The Week That Was: February 28 to March 4
A concise weekly overview of the U.S. equities and derivatives markets
Last week (February 28 – March 4), economic data was mixed. The monthly jobs number came in well above estimates, up 678,000 compared to the expected 400,000. ISM Manufacturing and Services data showed slower growth. This week’s Consumer Price Index (CPI) data will be closely watched. The broad market was lower for much of the week, but remained at least 2.3% above late February lows.
The situation in Ukraine helped push U.S. interest rates lower across the term. Federal Reserve Chair Jerome Powell testified before Congress and indicated his tacit support for a quarter basis point hike at the March Federal Open Market Committee (FOMC) meeting. Powell also said it is too early to say whether the geopolitical backdrop could slow the expected pace of future hikes.
Crude Oil prices are up more than 50% year-to-date. Last week, Brent and WTI Crude Oil, as well as gasoline futures, traded to multi-year highs. Oil has gained approximately 80% since December 2021. Historically, oil shocks have been followed by recession (1973, 1990, 2000 and 2008). The consistent narrowing of the 10-year/2-year bond spread also hints at slower or negative future growth.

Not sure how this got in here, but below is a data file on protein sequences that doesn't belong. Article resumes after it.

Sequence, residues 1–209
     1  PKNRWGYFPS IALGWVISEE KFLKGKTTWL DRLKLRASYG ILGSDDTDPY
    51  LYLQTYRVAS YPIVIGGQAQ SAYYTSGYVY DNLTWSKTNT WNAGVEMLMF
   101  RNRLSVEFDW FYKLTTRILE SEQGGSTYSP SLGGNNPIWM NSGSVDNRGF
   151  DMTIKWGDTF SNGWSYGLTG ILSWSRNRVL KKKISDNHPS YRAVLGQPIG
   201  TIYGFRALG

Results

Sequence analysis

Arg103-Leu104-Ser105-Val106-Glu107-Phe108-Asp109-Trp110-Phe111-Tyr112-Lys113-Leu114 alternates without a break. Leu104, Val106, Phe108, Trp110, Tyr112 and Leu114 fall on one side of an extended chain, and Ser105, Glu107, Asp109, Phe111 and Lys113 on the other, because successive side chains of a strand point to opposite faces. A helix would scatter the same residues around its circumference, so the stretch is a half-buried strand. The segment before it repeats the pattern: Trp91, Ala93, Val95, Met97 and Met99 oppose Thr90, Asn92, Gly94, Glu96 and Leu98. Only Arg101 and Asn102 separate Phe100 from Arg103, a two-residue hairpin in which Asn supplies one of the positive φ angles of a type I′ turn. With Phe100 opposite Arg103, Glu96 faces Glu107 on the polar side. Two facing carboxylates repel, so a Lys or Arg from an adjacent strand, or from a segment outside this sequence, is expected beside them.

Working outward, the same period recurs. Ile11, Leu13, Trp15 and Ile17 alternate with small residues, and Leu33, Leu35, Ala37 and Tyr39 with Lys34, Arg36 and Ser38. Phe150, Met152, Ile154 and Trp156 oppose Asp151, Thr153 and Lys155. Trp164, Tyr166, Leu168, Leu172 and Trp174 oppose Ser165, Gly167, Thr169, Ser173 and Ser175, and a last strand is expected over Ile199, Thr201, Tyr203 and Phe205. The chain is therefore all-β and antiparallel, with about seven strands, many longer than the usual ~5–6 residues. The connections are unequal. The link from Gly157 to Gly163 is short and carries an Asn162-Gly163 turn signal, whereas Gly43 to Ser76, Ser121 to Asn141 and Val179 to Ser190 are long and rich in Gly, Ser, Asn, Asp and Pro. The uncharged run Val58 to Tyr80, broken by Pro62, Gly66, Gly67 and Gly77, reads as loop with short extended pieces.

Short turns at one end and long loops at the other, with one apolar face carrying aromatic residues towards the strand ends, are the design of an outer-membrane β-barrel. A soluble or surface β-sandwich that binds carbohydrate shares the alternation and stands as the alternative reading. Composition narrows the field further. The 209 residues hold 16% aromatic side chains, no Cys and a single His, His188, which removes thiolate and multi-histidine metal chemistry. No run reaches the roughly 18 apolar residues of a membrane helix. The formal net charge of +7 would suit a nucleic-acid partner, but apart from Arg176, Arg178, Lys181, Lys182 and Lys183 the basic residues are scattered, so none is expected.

Shifting to weekly sector performance, Energy led the charge, gaining 8.3%. Utilities also added 4.4% as the market traded with a decidedly risk-off tone. Health Care and Industrials were slightly positive. Financials declined 5.5% for the week. Technology lost 3.3%. In aggregate, the S&P 500 Index lost 1.27% during another very volatile week.
Volatility tends to cluster, which is precisely what has transpired in capital markets over the past few weeks. Since early February, both realized and implied volatility levels have climbed for the S&P 500 Index. The VIX Index made new 52-week closing highs in early March.
- U.S. Equity Indices all closed lower for the week as funds flowed to perceived safety. Bonds were higher and the U.S. Dollar Index gained as the war in Ukraine escalated.
- S&P 500 Index (SPX®): Decreased 1.27% week-over-week after moving in a 3.1% range relative to the February 25 close.